LOS ALAMOS, N.M., Sept. 3, 2020—The dark, hard coating found on rocks and cliff faces in the desert Southwest could tell us something about life on Mars, explains a new episode of the Mars Technica podcast. This desert varnish, which was the canvas for petroglyphs chiseled by New Mexico’s earliest inhabitants, may also be found on Mars, which holds intriguing possibilities for scientists.
“Living microbes play a role in forming rock varnish on Earth—one we don’t fully understand yet—so maybe they play a role in forming rock varnish on Mars, too,” said Nina Lanza, a Los Alamos National Laboratory planetary scientist and member of the team that developed SuperCam, which is on its way to Mars aboard NASA’s Perseverance rover. “We know that microbes in varnish are well suited to the martian environment. They can repair radiation damage to their DNA and tolerate extreme temperatures, and they need only a trace of water vapor to survive. Because Mars is cold, dry, and bombarded by solar radiation, these traits make rock varnish an interesting place to look for a signature of life on Mars.”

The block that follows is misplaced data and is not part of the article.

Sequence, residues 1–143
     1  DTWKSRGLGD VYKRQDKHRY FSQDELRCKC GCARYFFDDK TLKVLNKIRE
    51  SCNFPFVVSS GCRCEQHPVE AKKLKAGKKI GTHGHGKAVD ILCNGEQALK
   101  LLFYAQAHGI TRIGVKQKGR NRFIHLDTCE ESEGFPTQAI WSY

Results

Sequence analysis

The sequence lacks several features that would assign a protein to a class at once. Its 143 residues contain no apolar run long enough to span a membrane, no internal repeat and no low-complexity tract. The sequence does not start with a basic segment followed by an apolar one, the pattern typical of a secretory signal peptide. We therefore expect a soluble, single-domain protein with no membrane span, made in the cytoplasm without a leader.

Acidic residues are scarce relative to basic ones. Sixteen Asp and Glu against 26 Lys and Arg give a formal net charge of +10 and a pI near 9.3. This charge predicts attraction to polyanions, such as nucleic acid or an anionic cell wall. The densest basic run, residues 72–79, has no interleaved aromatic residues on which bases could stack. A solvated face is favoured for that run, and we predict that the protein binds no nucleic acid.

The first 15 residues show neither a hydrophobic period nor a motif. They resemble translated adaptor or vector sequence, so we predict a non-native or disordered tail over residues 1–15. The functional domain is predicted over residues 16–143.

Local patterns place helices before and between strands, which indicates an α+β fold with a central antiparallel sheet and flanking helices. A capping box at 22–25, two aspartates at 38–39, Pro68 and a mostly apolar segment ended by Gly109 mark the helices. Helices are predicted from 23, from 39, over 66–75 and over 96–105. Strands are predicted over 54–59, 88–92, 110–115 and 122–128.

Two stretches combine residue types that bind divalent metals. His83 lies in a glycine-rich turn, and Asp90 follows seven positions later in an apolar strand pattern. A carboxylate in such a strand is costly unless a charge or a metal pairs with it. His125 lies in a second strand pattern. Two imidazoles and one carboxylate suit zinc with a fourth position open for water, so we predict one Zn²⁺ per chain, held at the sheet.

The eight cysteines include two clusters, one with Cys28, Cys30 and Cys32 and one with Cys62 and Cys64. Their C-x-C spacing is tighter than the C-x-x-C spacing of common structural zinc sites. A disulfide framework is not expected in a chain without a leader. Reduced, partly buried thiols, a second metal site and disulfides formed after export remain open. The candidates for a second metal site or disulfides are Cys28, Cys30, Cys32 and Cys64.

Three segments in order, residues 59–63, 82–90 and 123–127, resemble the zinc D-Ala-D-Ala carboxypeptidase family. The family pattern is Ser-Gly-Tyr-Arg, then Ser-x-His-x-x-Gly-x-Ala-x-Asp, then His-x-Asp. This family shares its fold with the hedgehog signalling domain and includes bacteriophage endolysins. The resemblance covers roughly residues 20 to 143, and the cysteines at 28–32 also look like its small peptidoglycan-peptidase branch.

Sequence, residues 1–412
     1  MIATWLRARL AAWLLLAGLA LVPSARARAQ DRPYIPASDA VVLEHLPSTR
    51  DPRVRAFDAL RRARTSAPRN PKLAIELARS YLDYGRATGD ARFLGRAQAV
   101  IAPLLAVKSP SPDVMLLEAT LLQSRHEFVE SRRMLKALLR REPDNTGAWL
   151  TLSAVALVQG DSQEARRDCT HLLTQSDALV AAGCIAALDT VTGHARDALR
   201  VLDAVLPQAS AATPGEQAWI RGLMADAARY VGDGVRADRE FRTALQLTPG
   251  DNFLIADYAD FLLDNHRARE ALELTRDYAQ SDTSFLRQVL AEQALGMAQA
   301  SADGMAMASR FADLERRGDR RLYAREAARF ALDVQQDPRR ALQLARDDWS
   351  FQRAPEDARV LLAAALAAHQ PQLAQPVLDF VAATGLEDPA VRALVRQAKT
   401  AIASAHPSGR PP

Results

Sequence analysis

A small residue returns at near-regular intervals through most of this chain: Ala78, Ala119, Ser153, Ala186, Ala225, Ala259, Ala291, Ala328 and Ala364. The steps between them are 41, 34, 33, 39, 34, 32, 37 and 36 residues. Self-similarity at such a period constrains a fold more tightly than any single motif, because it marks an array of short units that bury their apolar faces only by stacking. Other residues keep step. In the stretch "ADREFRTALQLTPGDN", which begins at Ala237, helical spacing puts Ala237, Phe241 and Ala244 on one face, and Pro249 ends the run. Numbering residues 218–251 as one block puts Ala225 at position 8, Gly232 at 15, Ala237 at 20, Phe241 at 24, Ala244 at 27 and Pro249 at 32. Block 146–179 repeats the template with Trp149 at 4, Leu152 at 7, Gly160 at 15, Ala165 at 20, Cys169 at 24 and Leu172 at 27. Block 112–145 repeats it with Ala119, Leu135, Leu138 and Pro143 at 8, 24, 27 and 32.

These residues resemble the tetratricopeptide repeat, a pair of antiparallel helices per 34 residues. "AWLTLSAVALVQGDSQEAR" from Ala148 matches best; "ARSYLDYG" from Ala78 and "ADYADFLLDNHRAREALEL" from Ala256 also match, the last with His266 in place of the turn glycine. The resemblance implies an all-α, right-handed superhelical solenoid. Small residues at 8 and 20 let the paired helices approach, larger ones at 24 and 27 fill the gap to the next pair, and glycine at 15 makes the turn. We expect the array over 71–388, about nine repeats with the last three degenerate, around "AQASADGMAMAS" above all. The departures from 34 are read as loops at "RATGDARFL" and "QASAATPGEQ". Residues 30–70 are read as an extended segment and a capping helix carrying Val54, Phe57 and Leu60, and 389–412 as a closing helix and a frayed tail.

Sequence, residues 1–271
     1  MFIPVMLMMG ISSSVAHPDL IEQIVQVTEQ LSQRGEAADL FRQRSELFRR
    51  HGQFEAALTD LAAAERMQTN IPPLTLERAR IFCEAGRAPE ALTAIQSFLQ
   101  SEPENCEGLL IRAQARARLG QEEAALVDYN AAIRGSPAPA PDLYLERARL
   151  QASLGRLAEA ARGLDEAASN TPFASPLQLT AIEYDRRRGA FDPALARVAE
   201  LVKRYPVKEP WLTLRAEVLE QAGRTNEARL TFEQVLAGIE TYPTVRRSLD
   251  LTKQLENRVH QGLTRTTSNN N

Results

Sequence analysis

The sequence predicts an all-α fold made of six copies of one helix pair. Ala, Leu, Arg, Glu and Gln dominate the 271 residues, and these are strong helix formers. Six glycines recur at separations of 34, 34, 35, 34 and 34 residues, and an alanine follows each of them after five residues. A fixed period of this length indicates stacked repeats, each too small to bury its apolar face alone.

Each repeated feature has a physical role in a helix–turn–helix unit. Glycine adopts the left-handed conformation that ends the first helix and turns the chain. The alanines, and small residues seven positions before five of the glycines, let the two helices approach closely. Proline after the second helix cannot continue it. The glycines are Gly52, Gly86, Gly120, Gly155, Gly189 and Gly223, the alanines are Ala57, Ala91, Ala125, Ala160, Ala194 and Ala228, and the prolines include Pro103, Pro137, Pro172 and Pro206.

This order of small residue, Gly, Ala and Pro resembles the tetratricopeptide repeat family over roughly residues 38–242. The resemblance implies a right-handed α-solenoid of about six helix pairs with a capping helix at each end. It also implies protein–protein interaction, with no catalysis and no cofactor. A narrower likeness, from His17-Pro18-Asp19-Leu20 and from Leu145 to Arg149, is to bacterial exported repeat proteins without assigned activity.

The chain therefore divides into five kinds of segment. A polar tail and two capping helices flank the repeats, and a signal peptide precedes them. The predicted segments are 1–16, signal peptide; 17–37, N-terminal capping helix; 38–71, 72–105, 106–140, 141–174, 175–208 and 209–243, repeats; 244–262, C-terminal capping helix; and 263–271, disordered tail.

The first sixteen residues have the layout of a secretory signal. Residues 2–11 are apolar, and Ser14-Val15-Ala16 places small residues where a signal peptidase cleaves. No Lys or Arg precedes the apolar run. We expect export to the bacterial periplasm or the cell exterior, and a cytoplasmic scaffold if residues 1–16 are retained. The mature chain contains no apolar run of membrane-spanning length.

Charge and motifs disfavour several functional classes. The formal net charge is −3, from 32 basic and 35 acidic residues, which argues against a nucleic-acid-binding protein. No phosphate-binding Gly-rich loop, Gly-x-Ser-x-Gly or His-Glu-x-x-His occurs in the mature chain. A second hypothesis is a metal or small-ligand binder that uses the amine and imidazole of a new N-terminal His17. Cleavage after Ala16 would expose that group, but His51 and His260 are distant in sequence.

In this episode, Nina Lanza is joined by Chris Yeager, an environmental microbiologist at Los Alamos, to discuss what rock varnish is and what it might tell us about life on the Red Planet.
This is the sixth episode of Mars Technica, a new seven-series podcast produced by Los Alamos National Laboratory, which delves into the Lab’s role on the Mars Perseverance mission. You can stream episodes via the Mars Technica website. You can also find and subscribe to Mars Technica on Apple Podcasts, Spotify, Stitcher and Google Podcasts.
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